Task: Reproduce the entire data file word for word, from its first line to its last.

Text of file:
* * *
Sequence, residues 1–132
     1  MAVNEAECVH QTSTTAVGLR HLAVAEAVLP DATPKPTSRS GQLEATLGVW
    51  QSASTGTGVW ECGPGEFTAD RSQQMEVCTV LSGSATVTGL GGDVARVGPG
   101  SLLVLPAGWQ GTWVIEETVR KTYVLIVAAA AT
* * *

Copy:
Sequence, residues 1–132
     1  MAVNEAECVH QTSTTAVGLR HLAVAEAVLP DATPKPTSRS GQLEATLGVW
    51  QSASTGTGVW ECGPGEFTAD RSQQMEVCTV LSGSATVTGL GGDVARVGPG
   101  SLLVLPAGWQ GTWVIEETVR KTYVLIVAAA AT